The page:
Object, the root class of Ruby’s class hierarchy (aside from the internal
After creating the top self object, Ruby assigns a
to_s method to it which returns the string “main.” Ruby does this using C code internally, but it is equivalent to this Ruby snippet:
You can see self is an instance of
Object. Also notice Ruby defines this special version of the
to_s method only for the top self object. Technically speaking, Ruby creates a singleton class for
self and assigns the new
to_s method to it. (The default version of
Object#to_s, displays the class name and encoded object id instead.)
Of course, you couldn’t write this code yourself, since
self is a reserved word and part of the Ruby language. If you run the code above you’ll get a syntax error “Can’t change the value of self.”
Which Class do Ruby Functions Belong To?
If all Ruby functions are methods, they must belong to some class. But which class? As you might guess, because the top self object is an instance of
Object, Ruby adds all top level functions as methods in the
Object class. Here’s an example.
Here you can see Ruby’s
def keyword saved
factorial as a method in the
Object class. All Ruby functions are actually private methods of
Object. We can prove this is the case by listing the private instance methods of the
Object class, like this.
Calling Ruby Functions
Saving functions as
Object methods isn’t only to preserve Ruby’s (or Smalltalk’s) elegant object oriented design. Internally, it allows Ruby to find functions when your program calls them. Here’s an example.
At the bottom of the diagram I’ve written a new class called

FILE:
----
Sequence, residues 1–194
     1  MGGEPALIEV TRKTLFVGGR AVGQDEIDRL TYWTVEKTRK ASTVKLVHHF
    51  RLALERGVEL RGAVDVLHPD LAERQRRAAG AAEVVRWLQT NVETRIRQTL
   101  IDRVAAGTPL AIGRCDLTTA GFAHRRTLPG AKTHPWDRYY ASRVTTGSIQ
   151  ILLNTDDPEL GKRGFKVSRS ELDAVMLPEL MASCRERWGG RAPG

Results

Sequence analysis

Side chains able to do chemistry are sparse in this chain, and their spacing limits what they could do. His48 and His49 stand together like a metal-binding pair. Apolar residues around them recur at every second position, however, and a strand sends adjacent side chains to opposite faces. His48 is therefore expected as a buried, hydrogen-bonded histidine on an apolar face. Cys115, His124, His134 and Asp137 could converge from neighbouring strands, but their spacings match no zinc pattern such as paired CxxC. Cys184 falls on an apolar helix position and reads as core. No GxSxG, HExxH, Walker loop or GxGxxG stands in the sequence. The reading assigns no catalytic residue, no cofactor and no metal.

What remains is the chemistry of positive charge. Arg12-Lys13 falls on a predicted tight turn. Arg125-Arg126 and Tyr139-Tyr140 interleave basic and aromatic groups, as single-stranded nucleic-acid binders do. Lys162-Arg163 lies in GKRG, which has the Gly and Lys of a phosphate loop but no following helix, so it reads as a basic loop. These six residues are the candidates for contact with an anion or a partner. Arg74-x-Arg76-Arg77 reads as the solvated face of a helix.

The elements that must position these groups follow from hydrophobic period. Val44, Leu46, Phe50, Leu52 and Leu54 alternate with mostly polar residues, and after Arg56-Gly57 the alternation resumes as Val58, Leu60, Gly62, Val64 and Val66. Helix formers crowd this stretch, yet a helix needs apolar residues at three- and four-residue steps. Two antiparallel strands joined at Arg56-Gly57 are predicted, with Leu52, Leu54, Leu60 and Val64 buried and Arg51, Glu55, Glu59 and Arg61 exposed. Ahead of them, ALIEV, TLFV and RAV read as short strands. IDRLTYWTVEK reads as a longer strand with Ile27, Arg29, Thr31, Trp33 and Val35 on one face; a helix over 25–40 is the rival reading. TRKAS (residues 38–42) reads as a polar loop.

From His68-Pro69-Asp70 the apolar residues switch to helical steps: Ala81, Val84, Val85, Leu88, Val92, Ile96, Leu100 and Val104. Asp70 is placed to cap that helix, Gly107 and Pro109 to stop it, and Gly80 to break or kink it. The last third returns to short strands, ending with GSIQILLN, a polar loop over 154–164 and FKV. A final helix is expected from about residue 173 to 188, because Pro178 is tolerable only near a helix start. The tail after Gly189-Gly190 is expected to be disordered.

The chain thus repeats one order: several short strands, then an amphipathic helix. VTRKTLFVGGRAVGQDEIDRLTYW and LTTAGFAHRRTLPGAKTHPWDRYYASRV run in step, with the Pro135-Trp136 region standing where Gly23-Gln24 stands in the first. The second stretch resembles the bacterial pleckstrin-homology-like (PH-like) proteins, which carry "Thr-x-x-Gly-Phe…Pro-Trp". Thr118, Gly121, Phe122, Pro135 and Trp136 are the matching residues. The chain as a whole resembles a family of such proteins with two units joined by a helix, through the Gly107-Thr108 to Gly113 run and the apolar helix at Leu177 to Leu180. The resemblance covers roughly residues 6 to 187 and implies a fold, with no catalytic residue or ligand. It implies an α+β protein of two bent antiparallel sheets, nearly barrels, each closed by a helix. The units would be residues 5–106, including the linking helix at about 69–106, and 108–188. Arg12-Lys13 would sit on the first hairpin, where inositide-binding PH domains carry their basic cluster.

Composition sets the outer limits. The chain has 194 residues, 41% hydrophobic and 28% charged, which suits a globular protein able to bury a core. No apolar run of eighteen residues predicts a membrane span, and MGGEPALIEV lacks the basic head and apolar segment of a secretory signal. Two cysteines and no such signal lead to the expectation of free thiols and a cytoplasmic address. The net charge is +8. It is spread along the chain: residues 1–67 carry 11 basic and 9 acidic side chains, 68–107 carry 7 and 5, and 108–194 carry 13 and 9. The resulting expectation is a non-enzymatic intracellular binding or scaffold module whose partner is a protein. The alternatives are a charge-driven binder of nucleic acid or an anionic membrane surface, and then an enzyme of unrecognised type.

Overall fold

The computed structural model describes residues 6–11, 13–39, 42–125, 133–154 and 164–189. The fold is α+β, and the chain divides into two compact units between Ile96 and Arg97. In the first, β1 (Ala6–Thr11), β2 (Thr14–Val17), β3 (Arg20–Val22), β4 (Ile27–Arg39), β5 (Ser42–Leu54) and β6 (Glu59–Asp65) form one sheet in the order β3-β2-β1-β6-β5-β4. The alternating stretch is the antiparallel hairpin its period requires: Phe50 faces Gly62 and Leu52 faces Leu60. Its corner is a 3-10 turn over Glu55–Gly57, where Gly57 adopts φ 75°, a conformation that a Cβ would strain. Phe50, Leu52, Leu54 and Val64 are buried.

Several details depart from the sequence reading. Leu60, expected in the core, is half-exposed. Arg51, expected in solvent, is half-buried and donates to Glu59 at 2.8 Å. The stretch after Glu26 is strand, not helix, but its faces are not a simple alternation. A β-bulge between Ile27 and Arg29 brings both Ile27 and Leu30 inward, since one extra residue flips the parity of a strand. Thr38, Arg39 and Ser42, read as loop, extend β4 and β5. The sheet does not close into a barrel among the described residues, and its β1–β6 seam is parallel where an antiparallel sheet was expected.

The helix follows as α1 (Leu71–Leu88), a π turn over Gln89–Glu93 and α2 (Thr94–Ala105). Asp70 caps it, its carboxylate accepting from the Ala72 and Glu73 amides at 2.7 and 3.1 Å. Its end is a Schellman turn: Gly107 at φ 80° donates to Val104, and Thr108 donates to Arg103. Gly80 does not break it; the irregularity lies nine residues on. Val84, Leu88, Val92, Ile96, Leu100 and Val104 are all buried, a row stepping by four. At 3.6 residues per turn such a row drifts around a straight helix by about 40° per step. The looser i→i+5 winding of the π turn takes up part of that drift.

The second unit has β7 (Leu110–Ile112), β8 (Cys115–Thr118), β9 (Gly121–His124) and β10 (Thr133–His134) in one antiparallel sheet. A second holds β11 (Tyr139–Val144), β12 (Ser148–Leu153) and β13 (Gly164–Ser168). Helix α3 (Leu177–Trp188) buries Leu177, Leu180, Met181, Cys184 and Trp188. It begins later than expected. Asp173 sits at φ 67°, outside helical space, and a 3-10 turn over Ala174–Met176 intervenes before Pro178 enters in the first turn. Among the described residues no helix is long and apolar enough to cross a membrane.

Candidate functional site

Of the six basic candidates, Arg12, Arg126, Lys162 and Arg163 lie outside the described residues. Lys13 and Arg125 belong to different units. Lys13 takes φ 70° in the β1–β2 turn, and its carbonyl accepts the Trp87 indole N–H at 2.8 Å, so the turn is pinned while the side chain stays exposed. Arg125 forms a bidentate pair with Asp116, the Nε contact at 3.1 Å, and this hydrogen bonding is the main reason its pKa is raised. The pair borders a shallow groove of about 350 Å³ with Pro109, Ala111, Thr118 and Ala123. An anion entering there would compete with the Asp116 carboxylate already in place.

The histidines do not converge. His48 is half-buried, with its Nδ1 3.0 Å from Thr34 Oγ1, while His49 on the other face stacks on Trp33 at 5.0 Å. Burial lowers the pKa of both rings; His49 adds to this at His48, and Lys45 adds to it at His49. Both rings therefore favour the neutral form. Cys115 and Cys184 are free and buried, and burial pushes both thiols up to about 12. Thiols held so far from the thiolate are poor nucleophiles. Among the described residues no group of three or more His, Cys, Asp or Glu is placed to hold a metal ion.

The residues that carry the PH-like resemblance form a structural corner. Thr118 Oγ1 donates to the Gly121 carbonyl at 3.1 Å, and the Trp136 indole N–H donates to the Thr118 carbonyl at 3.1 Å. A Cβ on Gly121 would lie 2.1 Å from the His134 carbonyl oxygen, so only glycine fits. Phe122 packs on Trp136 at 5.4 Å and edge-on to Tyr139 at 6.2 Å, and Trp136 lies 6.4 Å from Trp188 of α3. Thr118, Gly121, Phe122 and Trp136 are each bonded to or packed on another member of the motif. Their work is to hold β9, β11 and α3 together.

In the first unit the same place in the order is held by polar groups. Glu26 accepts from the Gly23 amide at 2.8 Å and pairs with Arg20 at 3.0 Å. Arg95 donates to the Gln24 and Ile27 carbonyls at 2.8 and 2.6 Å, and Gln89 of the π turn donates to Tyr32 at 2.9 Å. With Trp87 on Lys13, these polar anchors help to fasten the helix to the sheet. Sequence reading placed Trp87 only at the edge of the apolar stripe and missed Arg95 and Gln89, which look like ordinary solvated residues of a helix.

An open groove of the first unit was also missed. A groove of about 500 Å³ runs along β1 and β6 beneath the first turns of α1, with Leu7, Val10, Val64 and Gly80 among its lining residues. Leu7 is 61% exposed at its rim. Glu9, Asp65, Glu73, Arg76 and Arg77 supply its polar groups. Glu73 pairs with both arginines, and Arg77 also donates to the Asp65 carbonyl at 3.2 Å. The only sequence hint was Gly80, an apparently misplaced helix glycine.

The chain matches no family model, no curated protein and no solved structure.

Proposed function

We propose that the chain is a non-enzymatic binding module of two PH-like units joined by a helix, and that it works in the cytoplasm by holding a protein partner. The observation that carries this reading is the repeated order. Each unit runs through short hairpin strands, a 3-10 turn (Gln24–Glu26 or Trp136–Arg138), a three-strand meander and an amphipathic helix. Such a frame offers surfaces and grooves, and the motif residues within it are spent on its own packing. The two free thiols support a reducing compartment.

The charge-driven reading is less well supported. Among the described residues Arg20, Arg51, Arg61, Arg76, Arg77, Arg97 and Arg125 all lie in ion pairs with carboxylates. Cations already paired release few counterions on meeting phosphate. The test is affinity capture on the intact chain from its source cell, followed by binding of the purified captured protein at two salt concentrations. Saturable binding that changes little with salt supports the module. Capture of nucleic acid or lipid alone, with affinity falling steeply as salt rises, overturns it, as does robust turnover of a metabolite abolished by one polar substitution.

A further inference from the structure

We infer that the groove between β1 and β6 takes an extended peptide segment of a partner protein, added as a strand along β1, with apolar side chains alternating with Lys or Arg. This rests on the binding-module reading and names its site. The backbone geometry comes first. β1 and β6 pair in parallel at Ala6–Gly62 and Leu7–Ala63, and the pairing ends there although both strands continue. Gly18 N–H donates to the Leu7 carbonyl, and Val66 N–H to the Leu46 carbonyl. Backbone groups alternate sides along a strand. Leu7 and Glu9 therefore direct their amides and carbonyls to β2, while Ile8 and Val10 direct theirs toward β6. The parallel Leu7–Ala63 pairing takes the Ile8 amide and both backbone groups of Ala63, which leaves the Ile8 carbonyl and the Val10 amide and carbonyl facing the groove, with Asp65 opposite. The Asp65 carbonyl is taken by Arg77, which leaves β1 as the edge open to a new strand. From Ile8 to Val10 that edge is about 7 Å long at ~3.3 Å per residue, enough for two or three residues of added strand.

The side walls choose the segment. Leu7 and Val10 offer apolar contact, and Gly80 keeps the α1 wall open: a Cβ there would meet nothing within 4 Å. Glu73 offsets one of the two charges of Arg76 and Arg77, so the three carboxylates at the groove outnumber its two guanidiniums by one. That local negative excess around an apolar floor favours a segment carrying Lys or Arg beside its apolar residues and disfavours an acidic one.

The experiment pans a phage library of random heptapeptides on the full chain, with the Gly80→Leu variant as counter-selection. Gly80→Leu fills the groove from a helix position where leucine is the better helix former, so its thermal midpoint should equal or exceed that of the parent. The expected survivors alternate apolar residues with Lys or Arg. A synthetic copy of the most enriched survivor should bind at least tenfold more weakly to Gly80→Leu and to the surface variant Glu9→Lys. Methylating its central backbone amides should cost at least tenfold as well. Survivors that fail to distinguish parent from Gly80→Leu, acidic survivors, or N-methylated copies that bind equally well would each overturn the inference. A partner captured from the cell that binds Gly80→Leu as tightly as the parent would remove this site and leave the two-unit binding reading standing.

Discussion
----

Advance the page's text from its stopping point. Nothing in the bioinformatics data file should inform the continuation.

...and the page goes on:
SomeOtherClass. As you can see it contains a single method
show_the_answer which calls the
When I call
factorial, Ruby first looks to see if
factorial is a method of
SomeOtherClass. Because it isn’t, Ruby then looks through the superclasses of
SomeOtherClass to find
factorial. Because Ruby added the
factorial function to
Object, the class of the top self object, Ruby will find it since
Object is a superclass of every other class.
Ruby’s Hidden Object
This might seem like a bit of syntactic sugar. Why does it matter which class Ruby uses to save functions? It fact, does it even matter that functions are methods? They work the same way. And why does the value of self in the top lexical scope matter?
The key point here is that this trick allows you to write simple functions in Ruby. If we weren’t able to write them, Ruby would be harder to learn and more awkward to use. You would have to understand object oriented programming ideas even to get started writing the simplest script using Ruby.
Because it’s hidden, because we don’t know we’re using it, the top self object allows us to use Ruby without object and classes as a simple scripting language. Ruby is much easier to learn than Smalltalk because of the top self object. To learn more about Ruby’s method lookup algorithm, how Ruby implements objects, classes, lexical scope and much more, look for the updated version of my book Ruby Under a Microscope, due out in November from No Starch Press.
Pat Shaughnessy writes a blog about Ruby development and recently self-published an eBook called Ruby Under a Microscope. When he's not at the keyboard, Pat enjoys spending time with his wife and two kids. Pat is also a fluent Spanish speaker and travels frequently to Spain to visit his wife's family.